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List of metropolitan areas in Japan by population

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Title: List of metropolitan areas in Japan by population  
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List of metropolitan areas in Japan by population

Kantō MMA
Keihanshin MMA

This table contains lists of Japanese metropolitan areas (都市圏), as defined by the Statistics Bureau of Japan (SBJ). The lists include the prefectures containing the region, the population of the region, and the central cities of each region. The region containing most of the people in Japan between Tokyo and Fukuoka is often called the Taiheiyo Belt.

Usage note: Metropolitan area populations are often controversial and the methods used to calculate them vary from country to country and source to source, so great care should be taken when comparing the figures in this table with figures for any other country. Meaningful comparisons of metropolitan area population figures can only be made if the methods used to determine each figure are consistent.


The Statistics Bureau of Japan (SBJ) defines a metropolitan area as one or more central cities and its associated outlying municipalities. To qualify as an outlying municipality, the municipality must have at least 1.5% of its resident population aged 15 and above commuting to school or work into one of the central cities. To qualify as a central city, a city must either be a designated city of any population or a non-designated city with a city proper population of at least 500,000. Metropolitan areas of designated cities are defined as "major metropolitan areas" (大都市圏) while those of non-designated cities are simply "metropolitan areas" (都市圏). If multiple central cities are close enough such that their outlying cities overlap, they are combined together and a single metropolitan area is defined rather than independently.

The metropolitan areas written in bold are the 8 major metropolitan areas of Japan.

  • Oct. 1st, 2005
  • MMA : Major Metropolitan Area
  • MA : Metropolitan Area
  • Source: Statistics Bureau of Japan[1]
Rank Area Prefecture Central City Area Population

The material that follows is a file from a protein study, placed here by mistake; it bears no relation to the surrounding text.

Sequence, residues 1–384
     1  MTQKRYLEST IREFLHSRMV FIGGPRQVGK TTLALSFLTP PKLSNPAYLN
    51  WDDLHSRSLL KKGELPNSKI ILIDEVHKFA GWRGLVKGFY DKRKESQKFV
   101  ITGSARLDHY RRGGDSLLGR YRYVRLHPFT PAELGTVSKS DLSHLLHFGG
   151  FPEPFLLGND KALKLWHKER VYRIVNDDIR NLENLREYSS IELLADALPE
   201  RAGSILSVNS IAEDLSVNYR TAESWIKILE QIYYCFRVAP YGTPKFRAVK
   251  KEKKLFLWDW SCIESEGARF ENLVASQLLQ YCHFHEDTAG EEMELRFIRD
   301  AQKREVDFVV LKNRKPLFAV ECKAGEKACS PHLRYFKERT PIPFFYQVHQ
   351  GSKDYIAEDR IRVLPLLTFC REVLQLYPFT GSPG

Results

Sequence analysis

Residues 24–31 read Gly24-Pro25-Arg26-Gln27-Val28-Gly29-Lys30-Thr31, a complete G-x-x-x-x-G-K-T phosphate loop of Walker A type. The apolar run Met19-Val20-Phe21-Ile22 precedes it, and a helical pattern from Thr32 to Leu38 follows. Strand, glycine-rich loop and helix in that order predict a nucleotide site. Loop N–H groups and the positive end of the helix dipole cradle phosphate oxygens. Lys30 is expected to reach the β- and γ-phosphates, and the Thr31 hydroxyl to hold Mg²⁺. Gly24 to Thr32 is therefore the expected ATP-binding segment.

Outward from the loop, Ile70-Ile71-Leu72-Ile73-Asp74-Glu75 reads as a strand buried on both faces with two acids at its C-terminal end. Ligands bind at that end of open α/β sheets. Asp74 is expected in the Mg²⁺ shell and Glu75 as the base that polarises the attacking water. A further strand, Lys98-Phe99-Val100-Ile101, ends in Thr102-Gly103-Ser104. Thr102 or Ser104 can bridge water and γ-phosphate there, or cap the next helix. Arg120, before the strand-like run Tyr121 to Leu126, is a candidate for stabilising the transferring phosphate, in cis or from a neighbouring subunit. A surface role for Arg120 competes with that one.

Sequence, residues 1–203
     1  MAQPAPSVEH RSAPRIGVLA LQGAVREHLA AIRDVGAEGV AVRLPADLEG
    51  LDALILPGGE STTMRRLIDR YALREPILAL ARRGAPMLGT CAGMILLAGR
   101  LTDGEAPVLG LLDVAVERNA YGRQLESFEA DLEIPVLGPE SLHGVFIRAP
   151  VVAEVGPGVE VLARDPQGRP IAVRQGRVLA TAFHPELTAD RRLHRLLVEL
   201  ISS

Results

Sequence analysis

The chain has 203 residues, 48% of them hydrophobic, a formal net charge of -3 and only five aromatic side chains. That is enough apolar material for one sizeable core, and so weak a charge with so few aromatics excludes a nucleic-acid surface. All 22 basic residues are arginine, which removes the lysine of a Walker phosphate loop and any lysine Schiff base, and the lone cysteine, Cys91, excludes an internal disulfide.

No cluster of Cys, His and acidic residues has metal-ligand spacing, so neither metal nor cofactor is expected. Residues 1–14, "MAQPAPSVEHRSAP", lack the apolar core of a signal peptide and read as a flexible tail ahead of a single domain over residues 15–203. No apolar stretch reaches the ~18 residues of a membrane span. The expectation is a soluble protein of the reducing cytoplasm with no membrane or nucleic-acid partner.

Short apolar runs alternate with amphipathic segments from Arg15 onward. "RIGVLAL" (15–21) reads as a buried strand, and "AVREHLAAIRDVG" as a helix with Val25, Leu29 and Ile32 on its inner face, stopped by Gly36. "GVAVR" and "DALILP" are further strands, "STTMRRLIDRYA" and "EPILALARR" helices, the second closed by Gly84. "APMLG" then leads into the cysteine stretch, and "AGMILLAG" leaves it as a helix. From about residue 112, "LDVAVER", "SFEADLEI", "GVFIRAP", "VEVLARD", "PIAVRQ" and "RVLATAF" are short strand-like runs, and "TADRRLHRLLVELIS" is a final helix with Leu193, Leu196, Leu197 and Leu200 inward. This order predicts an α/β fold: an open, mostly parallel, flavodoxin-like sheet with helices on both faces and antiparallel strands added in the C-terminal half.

01 Kantō MMA Tokyo, Kanagawa Prefecture, Saitama Prefecture, Chiba Prefecture, Ibaraki Prefecture, Tochigi Prefecture, Gunma Prefecture, Yamanashi Prefecture 23 special wards area, Yokohama, Kawasaki, Chiba, Saitama 35,682,460
02 Keihanshin MMA Osaka Prefecture, Kyoto Prefecture, Hyōgo Prefecture, Nara Prefecture, Shiga Prefecture, Wakayama Prefecture Osaka, Kobe, Kyoto 18,768,395
03 Chūkyō MMA Aichi Prefecture, Gifu Prefecture, Mie Prefecture Nagoya 8,923,445
04 Kitakyūshū-Fukuoka MMA Fukuoka Prefecture Fukuoka, Kitakyushu 5,590,378
05 Sapporo MMA Ishikari Subprefecture in Hokkaidō Sapporo 2,606,214
06 Sendai MMA Miyagi Prefecture Sendai 2,289,656
07 Hiroshima MMA Hiroshima Prefecture Hiroshima 2,064,536
08 Okayama MMA Okayama Prefecture Okayama 1,646,757
09 Kumamoto MA Kumamoto Prefecture Kumamoto 1,462,409
10 Niigata MMA Niigata Prefecture Niigata 1,442,958
11 Shizuoka MMA Shizuoka Prefecture Shizuoka 1,427,107
12 Hamamatsu MA Shizuoka Prefecture Hamamatsu 1,304,548
13 Kagoshima MA Kagoshima Prefecture Kagoshima 1,132,106
14 Matsuyama MA Ehime Prefecture Matsuyama 724,048

Metropolitan areas in census 2010

The following metropolitan areas were planned by SBJ to be included in the final 2010 Census report.[2]

  • New central cities in Kantō and Keihanshin major metropolitan areas
    • Sagamihara in the Kantō MMA and Sakai in the Keihanshin MMA have become designated cities in 2010 and 2006 respectively. These cities are already well within their MMAs and should not greatly alter their formation.
  • Niigata and Okayama major metropolitan areas
    • Niigata became a designated city in 2007 and Okayama became a designated city in 2009. These cities therefore formed major metropolitan areas in the 2010 census.
  • Shizuoka, Hamamatsu major metropolitan area
    • Hamamatsu also became a designated city in 2007. As its outlying areas overlap with Shizuoka, the two cities formed a single major metropolitan area in the 2010 census.
  • Utsunomiya metropolitan area
    • Utsunomiya qualified as a central city for the 2010 census, resulting from mergers with neighboring municipalities and subsequent population growth.

Urban Employment Area

Urban Employment Area is another definition of metropolitan areas, defined by the Center for Spatial Information Service, the University of Tokyo.


  1. ^ Statistics Bureau of Japan, 2005 Census Final Data
  2. ^ Statistics Bureau of Japan, 2010 Census Definitions

See also

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